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Doctors-in-training: wake up bright?

Doctors-in-training: Wake up bright?

In medical training, hospital interns and residents must often care for patients after getting little sleep. Does this affect their performance? The much-debated question prompted a study of 26 surgeons-in-training to determine whether sleep deprivation impaired their cognitive and motor performance when they were on duty every other night.

For 18 to 19 days, the residents kept a sleep diary and underwent five tests each morning to measure cognition, visual and auditory alertness and hand-eye coordination. The scientists defined sleep deprivation as less than 4 hours of continuous sleep in the previous 24 hours, which occurred in 89 percent of the on-duty nights studied. When sleep deprivation occurred, total sleep averaged 3 hours, and the longest uninterrupted sleep averaged 2.2 hours.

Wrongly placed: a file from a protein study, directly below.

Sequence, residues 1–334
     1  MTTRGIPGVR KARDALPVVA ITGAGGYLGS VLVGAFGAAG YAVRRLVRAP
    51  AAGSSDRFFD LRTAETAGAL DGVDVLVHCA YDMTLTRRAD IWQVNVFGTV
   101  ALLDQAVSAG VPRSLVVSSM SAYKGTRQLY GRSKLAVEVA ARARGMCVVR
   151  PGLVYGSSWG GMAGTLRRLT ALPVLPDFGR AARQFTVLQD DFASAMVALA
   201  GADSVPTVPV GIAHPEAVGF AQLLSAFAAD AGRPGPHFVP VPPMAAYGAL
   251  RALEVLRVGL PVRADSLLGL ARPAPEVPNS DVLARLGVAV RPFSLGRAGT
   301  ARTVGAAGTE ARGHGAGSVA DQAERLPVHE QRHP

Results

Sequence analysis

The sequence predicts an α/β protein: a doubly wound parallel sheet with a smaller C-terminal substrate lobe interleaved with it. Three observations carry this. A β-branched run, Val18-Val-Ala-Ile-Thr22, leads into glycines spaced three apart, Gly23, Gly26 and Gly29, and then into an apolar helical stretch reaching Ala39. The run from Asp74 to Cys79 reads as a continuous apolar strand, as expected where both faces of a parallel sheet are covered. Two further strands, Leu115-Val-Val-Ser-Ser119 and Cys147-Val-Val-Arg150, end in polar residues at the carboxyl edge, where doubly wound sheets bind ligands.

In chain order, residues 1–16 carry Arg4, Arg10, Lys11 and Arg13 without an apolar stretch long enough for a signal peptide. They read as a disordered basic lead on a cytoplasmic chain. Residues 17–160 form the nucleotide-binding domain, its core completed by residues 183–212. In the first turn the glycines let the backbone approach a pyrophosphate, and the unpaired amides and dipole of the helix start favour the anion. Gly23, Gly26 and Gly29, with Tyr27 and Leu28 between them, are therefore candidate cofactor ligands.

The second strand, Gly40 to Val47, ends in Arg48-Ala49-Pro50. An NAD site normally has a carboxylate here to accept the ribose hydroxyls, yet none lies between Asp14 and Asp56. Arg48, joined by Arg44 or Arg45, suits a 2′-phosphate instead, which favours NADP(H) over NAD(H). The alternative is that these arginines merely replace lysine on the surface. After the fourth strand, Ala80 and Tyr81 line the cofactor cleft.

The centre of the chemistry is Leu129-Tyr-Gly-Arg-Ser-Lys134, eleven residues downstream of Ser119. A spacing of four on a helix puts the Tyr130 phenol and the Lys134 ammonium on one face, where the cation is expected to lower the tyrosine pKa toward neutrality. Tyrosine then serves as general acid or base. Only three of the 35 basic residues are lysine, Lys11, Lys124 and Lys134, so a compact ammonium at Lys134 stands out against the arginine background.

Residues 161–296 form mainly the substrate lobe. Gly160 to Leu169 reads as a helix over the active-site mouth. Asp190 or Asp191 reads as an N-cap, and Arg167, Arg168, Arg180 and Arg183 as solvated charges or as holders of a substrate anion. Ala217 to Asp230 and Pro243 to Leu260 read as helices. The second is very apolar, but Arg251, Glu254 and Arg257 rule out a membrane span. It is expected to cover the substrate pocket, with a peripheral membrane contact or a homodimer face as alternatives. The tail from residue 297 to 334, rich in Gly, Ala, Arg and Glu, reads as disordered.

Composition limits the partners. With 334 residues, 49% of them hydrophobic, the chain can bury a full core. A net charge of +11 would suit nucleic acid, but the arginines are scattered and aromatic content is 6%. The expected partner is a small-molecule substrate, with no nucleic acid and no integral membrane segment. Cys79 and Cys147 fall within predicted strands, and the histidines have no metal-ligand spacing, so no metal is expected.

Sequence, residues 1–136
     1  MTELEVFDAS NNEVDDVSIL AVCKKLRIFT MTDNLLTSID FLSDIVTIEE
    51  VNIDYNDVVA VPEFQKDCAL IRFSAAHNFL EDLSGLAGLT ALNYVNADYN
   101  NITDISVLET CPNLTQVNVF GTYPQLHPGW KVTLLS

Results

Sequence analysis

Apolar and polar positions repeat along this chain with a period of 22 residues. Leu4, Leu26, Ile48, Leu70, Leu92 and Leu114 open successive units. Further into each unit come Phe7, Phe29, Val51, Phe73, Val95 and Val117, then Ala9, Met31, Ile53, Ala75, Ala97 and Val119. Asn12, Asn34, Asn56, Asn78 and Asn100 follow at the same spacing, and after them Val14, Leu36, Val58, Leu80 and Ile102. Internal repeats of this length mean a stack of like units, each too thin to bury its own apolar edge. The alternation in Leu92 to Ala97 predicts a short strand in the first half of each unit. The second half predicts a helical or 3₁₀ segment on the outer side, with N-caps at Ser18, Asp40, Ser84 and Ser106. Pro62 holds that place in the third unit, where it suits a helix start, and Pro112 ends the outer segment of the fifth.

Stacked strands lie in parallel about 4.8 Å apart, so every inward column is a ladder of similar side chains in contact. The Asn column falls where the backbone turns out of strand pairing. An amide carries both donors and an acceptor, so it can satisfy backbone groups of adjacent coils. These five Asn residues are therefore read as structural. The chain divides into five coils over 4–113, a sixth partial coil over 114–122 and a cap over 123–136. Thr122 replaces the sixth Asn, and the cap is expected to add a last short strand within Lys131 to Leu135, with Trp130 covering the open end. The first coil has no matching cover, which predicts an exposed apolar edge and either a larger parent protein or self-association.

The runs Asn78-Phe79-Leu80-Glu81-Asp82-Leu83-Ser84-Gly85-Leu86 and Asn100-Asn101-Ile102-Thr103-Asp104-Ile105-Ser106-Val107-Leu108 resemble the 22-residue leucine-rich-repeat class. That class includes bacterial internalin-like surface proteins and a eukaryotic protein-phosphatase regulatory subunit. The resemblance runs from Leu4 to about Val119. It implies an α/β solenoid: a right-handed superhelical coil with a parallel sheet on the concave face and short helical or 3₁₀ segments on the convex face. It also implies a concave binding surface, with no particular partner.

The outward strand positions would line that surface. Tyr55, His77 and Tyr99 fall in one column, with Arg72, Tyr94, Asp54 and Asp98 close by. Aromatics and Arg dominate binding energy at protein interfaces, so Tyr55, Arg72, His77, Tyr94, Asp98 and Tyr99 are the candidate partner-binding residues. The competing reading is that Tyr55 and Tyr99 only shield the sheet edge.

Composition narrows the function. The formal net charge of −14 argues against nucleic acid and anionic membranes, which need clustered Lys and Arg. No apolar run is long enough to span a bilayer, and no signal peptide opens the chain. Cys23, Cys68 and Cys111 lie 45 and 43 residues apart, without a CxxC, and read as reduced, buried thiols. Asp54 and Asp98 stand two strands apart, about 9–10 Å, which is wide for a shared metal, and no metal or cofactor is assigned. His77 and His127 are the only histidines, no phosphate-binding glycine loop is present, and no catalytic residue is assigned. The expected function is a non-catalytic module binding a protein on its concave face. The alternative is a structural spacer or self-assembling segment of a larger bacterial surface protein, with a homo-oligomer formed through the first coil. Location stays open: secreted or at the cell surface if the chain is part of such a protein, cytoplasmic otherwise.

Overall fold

Although residents showed "trivial" improvement on two tests when they obtained some sleep just before testing, the researchers said repetitive sleep deprivation did not impair the residents' test performances or, by extension, their patient care. The evidence "does not support arbitrary recommendations to limit working hours of residents."

The report by Timothy F. Deaconson of the Medical College of Wisconsin, in Milwaukee, and his colleagues appears in the Sept. 23/30 JOURNAL OF THE AMERICAN MEDICAL ASSOCIATION.
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Title Annotation:effects of sleep deprivation on and residents
Publication:Science News
Date:Oct 1, 1988
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